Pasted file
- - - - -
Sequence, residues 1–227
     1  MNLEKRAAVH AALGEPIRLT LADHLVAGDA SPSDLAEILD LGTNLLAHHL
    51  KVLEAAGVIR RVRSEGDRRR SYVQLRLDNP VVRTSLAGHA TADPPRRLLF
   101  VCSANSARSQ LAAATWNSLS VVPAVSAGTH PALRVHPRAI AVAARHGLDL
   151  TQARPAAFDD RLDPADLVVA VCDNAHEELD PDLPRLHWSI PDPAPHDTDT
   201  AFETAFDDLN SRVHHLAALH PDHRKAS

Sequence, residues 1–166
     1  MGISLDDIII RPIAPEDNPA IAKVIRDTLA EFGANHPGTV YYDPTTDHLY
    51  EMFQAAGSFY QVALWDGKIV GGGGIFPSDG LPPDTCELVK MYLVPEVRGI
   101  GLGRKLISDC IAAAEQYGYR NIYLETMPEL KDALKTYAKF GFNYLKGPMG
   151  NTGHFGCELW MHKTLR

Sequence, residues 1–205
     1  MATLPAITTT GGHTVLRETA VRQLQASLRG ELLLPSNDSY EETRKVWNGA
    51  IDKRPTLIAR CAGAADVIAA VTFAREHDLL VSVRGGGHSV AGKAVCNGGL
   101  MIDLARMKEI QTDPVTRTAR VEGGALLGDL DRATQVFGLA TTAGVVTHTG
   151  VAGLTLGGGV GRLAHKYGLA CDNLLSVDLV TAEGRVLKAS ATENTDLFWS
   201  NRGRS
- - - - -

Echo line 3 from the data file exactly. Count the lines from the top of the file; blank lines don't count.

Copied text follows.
    51  KVLEAAGVIR RVRSEGDRRR SYVQLRLDNP VVRTSLAGHA TADPPRRLLF